Group Replication mode (single-primary or
            multi-primary mode) registered in the metadata
            matches the current mode of the cluster, updating
            that information in the metadata if requested
            through a new option or by a prompt confirmation.
            You can use this option to update the metadata after
            using the
            Cluster.switchToSinglePrimaryMode([instance]) and
            Cluster.switchToMultiPrimaryMode() options added in
            WL#12052
            (https://dev.mysql.com/worklog/task/?id=12052).

          + use the addInstances option to specify a list of new
            instances to add to the metadata, or the
            removeInstances option to specify a list of obsolete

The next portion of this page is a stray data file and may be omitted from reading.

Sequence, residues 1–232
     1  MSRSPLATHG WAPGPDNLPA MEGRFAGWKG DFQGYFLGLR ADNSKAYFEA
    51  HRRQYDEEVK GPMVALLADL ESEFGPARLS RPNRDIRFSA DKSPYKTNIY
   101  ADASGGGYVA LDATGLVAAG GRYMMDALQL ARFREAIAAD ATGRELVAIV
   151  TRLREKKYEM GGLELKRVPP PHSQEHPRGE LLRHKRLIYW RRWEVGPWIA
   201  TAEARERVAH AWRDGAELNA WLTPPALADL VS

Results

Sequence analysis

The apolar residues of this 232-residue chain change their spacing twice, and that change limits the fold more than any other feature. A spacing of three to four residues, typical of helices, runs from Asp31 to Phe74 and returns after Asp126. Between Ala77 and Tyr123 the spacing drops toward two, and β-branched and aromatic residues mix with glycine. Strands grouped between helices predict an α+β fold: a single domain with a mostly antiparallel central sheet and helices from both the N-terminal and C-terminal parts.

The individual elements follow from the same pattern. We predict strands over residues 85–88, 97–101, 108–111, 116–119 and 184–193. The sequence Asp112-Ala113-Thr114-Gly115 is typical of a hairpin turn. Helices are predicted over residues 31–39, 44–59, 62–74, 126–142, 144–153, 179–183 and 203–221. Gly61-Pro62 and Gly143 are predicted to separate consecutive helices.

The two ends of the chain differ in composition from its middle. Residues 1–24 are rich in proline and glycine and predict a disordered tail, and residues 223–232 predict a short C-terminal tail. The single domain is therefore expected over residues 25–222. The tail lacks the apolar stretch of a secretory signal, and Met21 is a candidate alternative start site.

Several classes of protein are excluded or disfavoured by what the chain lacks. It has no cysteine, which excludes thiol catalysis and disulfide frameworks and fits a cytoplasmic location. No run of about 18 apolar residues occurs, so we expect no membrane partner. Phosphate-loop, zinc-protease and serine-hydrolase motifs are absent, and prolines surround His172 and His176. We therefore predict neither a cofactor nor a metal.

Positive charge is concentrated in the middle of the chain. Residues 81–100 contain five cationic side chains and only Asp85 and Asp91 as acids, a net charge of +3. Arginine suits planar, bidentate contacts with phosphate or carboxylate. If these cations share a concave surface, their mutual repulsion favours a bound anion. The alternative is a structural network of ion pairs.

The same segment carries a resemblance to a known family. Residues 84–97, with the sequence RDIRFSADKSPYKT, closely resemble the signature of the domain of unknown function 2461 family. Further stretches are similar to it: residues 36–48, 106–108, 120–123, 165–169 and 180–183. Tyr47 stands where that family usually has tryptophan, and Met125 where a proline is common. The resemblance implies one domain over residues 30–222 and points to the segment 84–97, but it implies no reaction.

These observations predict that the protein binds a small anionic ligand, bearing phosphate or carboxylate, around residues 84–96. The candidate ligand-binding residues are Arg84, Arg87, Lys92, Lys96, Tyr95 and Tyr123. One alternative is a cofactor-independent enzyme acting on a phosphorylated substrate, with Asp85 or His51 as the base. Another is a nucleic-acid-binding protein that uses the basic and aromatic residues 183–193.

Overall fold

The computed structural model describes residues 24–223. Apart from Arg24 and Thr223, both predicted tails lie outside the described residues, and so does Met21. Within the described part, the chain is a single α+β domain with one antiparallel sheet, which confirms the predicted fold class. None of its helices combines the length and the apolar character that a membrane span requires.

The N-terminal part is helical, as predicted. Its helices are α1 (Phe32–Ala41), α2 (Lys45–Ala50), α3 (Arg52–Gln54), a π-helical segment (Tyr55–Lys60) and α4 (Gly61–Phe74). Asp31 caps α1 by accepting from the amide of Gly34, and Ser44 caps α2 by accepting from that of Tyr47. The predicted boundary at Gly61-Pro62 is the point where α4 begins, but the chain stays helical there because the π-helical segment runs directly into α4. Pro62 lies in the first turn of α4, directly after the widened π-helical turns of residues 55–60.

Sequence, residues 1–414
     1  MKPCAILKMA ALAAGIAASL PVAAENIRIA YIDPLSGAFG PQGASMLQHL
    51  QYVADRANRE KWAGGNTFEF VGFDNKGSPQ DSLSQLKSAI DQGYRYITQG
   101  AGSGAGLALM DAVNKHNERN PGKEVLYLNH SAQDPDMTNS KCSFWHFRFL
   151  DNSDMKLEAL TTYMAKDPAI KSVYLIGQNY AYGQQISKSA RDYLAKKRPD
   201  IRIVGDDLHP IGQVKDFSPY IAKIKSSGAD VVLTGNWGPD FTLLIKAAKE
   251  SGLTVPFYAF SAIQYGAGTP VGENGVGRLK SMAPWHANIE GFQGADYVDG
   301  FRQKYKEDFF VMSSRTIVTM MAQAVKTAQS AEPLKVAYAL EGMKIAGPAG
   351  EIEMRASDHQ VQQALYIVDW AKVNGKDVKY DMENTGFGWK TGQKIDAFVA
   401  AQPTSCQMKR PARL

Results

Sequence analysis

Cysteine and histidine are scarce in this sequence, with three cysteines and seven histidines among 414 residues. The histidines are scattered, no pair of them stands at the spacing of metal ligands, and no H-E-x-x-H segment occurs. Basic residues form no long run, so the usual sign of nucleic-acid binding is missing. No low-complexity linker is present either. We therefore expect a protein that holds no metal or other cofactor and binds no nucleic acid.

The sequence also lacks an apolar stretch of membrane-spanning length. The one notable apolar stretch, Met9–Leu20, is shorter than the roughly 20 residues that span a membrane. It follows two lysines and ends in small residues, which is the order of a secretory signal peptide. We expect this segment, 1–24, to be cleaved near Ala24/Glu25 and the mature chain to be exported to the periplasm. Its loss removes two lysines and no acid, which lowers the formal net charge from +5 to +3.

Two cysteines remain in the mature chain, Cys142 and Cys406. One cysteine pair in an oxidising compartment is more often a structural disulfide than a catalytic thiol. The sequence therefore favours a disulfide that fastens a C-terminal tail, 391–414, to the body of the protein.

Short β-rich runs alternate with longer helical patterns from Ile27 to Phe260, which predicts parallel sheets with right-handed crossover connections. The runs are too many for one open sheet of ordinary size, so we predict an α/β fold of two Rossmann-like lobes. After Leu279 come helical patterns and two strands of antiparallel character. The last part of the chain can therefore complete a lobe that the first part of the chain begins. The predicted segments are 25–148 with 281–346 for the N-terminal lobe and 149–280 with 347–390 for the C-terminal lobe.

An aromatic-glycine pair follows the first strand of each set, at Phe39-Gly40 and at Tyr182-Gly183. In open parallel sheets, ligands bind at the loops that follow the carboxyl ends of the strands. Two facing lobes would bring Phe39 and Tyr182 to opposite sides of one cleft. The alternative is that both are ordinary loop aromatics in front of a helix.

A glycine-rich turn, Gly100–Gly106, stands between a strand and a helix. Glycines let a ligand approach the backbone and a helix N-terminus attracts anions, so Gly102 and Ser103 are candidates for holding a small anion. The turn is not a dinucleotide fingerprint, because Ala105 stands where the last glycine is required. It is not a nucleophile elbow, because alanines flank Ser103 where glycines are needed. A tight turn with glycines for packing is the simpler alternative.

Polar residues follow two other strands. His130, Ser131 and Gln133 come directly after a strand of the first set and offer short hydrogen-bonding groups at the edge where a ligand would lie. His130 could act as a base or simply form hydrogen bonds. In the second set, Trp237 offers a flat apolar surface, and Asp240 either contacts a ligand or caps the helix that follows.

instances to remove from the metadata. Pass the auto
            value to these options to automatically add or
            remove instances from the metadata, without having
            to specify an explicit list of instances. This
            enables the function to update the metadata even in
            non-interactive mode, making it consistent with the
            other AdminAPI operations.

          + In addition, a new interactive option has been added
            to the cluster.rescan() operation, to enable or
            disable interactive mode prompts specifically for
            the cluster.rescan() command.

       References: See also: Bug #28997465, Bug #28529362,
       Bug #28889563.

Bugs Fixed

     * The TAR build of MySQL Shell comes with Python 2.7. When
       attempting to include the site package, an error was
       emitted because of missing build files needed by the
       include. (Bug #28973138)

     * Handling procedures for user-supplied data in MySQL Shell
       were refactored to ensure correct cleanup after use.
       (Bug #28915716)

     * The exception type and error messages returned by MySQL
       Shell functions for parameter errors have been